dc.description.abstract<table><tr><td colspan="2" class="item-title">Prevalence of Disaffirming &amp; Traumatizing Provider Interactions &amp; Depression among Obstetric Patients </td></tr><tr class="item-sponsor"><td class="label">Conference Sponsor:</td><td class="value">Midwest Nursing Research Society</td></tr><tr class="item-year"><td class="label">Conference Year:</td><td class="value">2004</td></tr><tr class="item-author"><td class="label">Author:</td><td class="value">Sorenson, Dianna, PhD, RN, CNS</td></tr><tr class="item-author-title"><td class="label">Title:</td><td class="value">Professor</td></tr><tr class="item-address"><td class="label">Contact Address:</td><td class="value">Graduate Nursing, Box 2275, Brookings, SD, 57007, USA</td></tr><tr class="item-co-authors"><td class="label">Co-Authors:</td><td class="value">Lois Tschetter, EdD, RN, IBCLC, Associate Professor</td></tr><tr><td colspan="2" class="item-abstract">The purpose of this investigation was to explore the quality of provider interactions and prevalence of traumatizing provider interactions and depression among post-partum women in a north central state. Despite suggestive evidence from Europe, American scientists have disregarded disaffirming health-care provider interactions as important antecedents to psychological birth-trauma symptoms, psychological vulnerability and subsequent length and severity of immediate postpartum and long-term depression. Disaffirming interactions include verbal/nonverbal behaviors perceived as denying or contradicting one&rsquo;s personhood. Extremely disaffirming or repetitive exposure can lead to psychological perinatal trauma (characteristics include: severe taxation of coping resources, expression of intense negative feelings, prolonged conscious awareness of contributory threats to well-being, and painful memories/ repetitive thought patterns). Peplau&rsquo;s theory of interpersonal relations guided this investigation. Research questions were: What is the pattern of provider interaction quality as perceived among postpartum women? What is the prevalence of traumatizing provider interactions among postpartum women? What is the relationship between postpartum depression and the quality of provider interactions and perinatal trauma. The sample included 100 women delivering after 12/30/02. The first 100 women whose births were newspaper published and had corresponding telephone listings were contacted to identify interest in participating. Each received: 1) questionnaires; 2) demographic profile; 3) Human Subjects Implied Consent; 4) and a self-addressed, stamped envelope. Questionnaires included: Quality of Provider Interactions (QPI), Overall Birth Perceptions Rating, Post-Traumatic Childbirth Stress (PCS) instrument, and the Beck Depression Inventory II (BDI). The quality of provider interactions was determined via exploratory data analyses of QPI. The prevalence of traumatizing provider interactions was determined from PCS scores, calculating an odds ratio and simple percentages prevalence rates for the sample using Department of Health statistics on percentages of county reported births. Correlations were calculated to determine the relationships between BDI, QPI, and PCS. Results indicate the need for prevention and early interventions.</td></tr></table>en_GB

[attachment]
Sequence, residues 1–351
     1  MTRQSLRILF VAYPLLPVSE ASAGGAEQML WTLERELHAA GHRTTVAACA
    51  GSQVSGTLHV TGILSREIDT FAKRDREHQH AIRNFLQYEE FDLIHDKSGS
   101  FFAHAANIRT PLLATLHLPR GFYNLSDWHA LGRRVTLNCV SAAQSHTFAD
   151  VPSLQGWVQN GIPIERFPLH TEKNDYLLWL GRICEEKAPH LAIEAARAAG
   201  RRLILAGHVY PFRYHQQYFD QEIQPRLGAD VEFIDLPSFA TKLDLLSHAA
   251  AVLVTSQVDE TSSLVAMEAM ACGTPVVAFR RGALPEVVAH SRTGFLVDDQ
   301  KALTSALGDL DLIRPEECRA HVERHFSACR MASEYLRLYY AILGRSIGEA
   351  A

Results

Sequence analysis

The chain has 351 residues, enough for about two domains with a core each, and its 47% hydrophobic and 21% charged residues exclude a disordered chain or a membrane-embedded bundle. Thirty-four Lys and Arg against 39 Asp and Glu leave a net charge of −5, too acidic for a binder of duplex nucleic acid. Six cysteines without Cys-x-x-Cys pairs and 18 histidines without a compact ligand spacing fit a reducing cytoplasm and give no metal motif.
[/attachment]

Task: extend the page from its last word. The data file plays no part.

dc.date.available2011-10-26T21:52:11Z-
dc.date.issued2011-10-17en_GB
dc.date.accessioned2011-10-26T21:52:11Z-
dc.description.sponsorshipMidwest Nursing Research Societyen_GB